A Conversation with The Argentina Independent Founder Kristie Robinson
Kristie Robinson, founder of The Argentina Independent, is a British journalist who moved to Argentina in 2006 after getting the idea to start a news outlet that was completely editorially independent. Almost ten years later and The Argentina Independent remains an important voice for social and political issues throughout Argentina and South America. I sat down with Kristie to discuss some of the triumphs and struggles of moving to a foreign country to pursue one’s dreams.
Torie Ross: You’ve traveled all over the world and extensively in Latin America, so why did you decide to settle in Argentina to start your project?
Kristie Robinson: I backpacked all around Latin America for about a year and a half after finishing my post grad in journalism just to get to know the region. And I ended up working for a news outlet in Bolivia for six months, which was great. I loved Bolivia and a lot of places in Latin America, but I couldn’t see myself living longer term there. But after I returned home I decided I wanted to move to Latin America full time to pursue being a foreign correspondent and Argentina was at the top of my list to return to. There was so much going on politically and culturally that I could really see myself living there long term.
TR: Why move to another country to pursue a career in international journalism?
KR: When I came home [from Latin America] I worked for a couple of years in London in journalism and I came to realize that foreign correspondent jobs are fewer and farther between. Most people said to me, look you can either work your way up through a publication, but it would take years and years of desk time slogging away on not foreign journalism or, you could move somewhere and position yourself and start writing.
TR: What were some of the main challenges you faced when you first started The Argentina Independent?
KR: When I look back on it now, I was so naïve, I didn’t have a clue how to start a publication. It was sort of just a combination of optimism and ignorance. But one of the main challenges was being young, female and foreign and trying to be taken seriously. Even though Argentina is very progressive for Latin America, there is still a lot of sexism. The printers wouldn’t take me seriously. They thought they could get away with not doing a proper job and I wouldn’t put up much of a fight. People assumed I didn’t know what I was doing and so they thought they could take advantage of me, which I’ve since learned to spot a mile away.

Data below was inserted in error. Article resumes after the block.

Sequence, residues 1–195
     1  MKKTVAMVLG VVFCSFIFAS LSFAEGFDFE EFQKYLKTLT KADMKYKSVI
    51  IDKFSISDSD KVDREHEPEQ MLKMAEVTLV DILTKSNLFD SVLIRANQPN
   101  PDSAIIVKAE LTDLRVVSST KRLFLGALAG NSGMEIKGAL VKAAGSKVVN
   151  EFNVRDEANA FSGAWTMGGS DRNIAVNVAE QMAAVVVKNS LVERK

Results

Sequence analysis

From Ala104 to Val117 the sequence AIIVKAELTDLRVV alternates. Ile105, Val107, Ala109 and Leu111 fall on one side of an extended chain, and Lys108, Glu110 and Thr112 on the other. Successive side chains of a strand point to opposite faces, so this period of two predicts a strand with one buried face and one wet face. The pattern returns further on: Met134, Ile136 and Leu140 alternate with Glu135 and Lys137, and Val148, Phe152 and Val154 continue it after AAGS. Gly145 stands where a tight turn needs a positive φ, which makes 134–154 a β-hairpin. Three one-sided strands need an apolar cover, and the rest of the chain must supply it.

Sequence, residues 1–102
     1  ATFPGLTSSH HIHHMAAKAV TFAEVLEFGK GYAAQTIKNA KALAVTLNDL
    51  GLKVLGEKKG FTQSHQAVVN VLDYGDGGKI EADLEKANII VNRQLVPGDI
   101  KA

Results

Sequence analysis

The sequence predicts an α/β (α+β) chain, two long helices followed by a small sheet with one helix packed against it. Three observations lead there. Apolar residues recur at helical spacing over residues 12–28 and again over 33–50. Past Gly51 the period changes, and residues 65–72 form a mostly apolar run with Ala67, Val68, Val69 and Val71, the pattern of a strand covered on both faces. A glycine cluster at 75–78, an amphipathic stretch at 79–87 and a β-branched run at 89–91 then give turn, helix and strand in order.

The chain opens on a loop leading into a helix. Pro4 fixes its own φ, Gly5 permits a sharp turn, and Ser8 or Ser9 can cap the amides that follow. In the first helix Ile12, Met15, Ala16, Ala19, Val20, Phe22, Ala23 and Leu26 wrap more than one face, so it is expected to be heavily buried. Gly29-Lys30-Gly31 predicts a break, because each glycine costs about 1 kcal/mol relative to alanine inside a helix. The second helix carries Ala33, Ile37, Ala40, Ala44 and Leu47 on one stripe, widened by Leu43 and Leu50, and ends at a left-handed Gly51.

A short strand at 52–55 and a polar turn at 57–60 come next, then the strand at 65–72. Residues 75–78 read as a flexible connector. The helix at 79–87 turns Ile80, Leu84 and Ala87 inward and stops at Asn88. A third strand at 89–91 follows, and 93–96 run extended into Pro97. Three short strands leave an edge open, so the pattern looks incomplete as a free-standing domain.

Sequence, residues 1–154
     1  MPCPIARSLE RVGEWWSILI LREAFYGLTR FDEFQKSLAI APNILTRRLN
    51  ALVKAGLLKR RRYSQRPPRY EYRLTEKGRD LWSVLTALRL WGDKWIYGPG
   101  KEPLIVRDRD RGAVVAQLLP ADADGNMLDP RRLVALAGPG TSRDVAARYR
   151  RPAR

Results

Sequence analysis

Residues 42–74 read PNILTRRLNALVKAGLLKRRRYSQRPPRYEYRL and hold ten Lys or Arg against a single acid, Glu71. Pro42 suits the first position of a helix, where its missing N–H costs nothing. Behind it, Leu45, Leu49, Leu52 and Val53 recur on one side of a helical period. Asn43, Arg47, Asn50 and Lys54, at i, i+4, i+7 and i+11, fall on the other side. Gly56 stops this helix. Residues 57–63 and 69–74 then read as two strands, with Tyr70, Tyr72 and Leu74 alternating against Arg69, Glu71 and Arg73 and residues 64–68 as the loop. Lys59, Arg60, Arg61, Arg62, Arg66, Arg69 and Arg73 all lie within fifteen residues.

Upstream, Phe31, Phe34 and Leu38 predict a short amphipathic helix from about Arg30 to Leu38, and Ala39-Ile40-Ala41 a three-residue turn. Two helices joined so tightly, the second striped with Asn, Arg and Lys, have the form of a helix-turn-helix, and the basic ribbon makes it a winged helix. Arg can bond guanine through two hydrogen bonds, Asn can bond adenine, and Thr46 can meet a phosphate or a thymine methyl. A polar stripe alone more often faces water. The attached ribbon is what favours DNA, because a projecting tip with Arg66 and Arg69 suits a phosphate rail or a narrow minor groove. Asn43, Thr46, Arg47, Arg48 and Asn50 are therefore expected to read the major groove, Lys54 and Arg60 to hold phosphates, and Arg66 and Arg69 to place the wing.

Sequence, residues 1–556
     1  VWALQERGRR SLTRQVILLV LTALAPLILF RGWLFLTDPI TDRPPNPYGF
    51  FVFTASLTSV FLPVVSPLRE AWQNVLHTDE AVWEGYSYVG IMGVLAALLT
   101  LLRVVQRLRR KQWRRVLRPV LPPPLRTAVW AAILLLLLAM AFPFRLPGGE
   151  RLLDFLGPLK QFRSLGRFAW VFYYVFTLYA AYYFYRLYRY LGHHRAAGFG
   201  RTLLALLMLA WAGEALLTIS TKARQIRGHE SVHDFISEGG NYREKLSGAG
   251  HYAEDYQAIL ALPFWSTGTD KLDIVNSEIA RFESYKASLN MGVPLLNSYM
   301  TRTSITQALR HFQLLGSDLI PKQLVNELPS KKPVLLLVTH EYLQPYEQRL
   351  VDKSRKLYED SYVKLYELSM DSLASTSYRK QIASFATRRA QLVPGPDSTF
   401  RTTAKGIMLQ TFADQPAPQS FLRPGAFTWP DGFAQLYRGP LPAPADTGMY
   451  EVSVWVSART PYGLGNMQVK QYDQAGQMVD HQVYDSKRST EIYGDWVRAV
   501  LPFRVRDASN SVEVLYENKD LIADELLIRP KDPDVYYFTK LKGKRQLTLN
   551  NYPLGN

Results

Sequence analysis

TR: Why start The Argentina Independent as opposed to looking for a job with one of the established media companies?
KR: One of the things I realized in London is that I’m very idealistic in my ideas of what journalism should be and a lot of the mainstream corporate-run media are not aligned with my ideas. So I decided if I wanted to stay true to my ideals and start a project that was independent, it had to be truly editorially independent as well. And I didn’t find another opportunity with an already established project that really held true to that idea.
TR: What advice would you give to other women looking to move abroad to start a project or business?
KR: The main thing is, if you want to do it, just do it. If you think about it too much, you’ll never go. If I had known all the challenges and sacrifices I would face before I left, I would have never gone. But at the time I was so passionate about it that I didn’t care. It’s hard to step off the treadmill of life and just leave, so when you have the idea you have to just go, hope for the best and see what happens.